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Publication numberUS8039400 B2
Publication typeGrant
Application numberUS 12/418,857
Publication dateOct 18, 2011
Priority dateJun 30, 2008
Fee statusPaid
Also published asDE102008030847A1, DE102008030847B4, US20090325378
Publication number12418857, 418857, US 8039400 B2, US 8039400B2, US-B2-8039400, US8039400 B2, US8039400B2
InventorsFrank Koschinsky, Matthias Lehr, Holger Schuehrer
Original AssigneeGlobalfoundries Inc.
Export CitationBiBTeX, EndNote, RefMan
External Links: USPTO, USPTO Assignment, Espacenet
Reducing contamination of semiconductor substrates during BEOL processing by performing a deposition/etch cycle during barrier deposition
US 8039400 B2
Abstract
A conductive barrier material of a metallization system of a semiconductor device may be formed on the basis of one or more deposition/etch cycles, thereby providing a reduced material thickness in the bevel region, while enhancing overall thickness uniformity in the active region of the semiconductor substrate. In some illustrative embodiments, two or more deposition/etch cycles may be used, thereby providing the possibility to select reduced target values for the barrier thickness in the die regions, while also obtaining a significantly reduced thickness in the bevel region.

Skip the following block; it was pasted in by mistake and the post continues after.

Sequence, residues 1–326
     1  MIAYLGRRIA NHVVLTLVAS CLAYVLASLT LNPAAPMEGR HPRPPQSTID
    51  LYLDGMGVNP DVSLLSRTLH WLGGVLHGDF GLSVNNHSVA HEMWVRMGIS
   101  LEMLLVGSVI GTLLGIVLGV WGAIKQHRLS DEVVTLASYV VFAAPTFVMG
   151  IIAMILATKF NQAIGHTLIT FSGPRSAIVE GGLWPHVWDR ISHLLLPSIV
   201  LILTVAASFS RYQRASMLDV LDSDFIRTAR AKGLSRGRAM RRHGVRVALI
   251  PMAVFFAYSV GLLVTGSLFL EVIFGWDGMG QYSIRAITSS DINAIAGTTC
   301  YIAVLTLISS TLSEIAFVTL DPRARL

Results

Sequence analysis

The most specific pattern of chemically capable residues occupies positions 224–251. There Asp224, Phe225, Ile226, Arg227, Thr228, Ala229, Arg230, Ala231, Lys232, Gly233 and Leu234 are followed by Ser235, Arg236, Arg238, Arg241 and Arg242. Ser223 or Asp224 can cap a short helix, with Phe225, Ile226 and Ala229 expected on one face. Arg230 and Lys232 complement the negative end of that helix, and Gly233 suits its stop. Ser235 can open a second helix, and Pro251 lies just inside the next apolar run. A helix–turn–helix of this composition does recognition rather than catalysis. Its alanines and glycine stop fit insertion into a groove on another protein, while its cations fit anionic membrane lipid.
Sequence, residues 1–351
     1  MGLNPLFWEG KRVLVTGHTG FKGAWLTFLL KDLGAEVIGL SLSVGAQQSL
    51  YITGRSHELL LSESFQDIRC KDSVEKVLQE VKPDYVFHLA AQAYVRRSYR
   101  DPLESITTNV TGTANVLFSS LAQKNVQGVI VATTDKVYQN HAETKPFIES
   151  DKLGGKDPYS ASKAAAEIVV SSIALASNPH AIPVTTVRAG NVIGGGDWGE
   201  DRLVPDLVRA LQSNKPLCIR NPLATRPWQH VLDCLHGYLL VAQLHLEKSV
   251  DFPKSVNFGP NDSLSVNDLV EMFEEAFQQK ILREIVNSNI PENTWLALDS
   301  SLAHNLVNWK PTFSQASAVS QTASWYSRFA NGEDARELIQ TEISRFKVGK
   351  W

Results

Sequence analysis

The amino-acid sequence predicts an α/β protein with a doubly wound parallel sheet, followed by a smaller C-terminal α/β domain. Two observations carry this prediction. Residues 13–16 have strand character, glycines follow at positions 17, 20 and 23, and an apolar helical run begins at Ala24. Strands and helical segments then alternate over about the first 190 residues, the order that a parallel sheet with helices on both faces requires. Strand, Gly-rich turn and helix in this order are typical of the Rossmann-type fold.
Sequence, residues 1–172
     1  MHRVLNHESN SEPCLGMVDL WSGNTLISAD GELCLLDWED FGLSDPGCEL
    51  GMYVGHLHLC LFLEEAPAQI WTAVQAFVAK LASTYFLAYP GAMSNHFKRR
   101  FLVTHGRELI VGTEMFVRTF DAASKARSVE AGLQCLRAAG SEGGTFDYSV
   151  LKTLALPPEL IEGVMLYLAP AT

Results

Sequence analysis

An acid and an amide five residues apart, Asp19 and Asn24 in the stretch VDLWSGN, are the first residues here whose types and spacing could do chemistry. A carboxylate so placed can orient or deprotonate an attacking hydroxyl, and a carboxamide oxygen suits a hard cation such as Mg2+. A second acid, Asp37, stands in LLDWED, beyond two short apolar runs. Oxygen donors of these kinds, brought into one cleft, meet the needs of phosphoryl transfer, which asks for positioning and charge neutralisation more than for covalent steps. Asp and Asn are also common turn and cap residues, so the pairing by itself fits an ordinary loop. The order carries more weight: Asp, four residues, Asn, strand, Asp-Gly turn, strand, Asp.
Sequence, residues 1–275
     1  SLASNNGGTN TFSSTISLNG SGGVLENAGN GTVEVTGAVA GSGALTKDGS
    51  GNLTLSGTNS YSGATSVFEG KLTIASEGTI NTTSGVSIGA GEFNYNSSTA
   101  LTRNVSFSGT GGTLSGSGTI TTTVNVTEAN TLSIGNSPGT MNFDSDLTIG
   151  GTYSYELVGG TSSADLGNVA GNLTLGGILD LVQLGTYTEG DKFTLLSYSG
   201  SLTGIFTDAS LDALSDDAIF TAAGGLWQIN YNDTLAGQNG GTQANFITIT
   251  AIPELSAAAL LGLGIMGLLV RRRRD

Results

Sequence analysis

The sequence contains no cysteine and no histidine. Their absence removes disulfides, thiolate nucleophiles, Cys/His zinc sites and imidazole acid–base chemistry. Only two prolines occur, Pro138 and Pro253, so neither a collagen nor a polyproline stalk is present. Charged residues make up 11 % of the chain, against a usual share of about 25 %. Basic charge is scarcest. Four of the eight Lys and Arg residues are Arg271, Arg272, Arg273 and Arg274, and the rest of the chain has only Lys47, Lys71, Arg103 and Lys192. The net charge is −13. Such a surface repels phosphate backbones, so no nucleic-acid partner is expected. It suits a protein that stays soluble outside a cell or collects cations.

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Claims(25)
1. A method, comprising:
selecting a first target value and a second target value for a thickness of a conductive barrier layer to be formed on a substrate, said substrate having a bevel region and a central region including a plurality of die regions, said first target value being less than said second target value and corresponding to said bevel region, said second target value corresponding to said central region; and
performing a process sequence comprising at least two deposition/etch cycles for depositing material of said conductive barrier layer above said substrate and subsequently removing material of said conductive barrier layer so as to adjust a thickness of said conductive barrier layer at or below said first and second target values, wherein each successive deposition/etch cycle increases a thickness of said conductive barrier layer above said central region and decreases a thickness of said conductive barrier layer above said bevel region.
2. The method of claim 1, wherein performing said process sequence comprises depositing said conductive barrier layer by physical vapor deposition and removing material of said conductive barrier layer by a sputter etch process.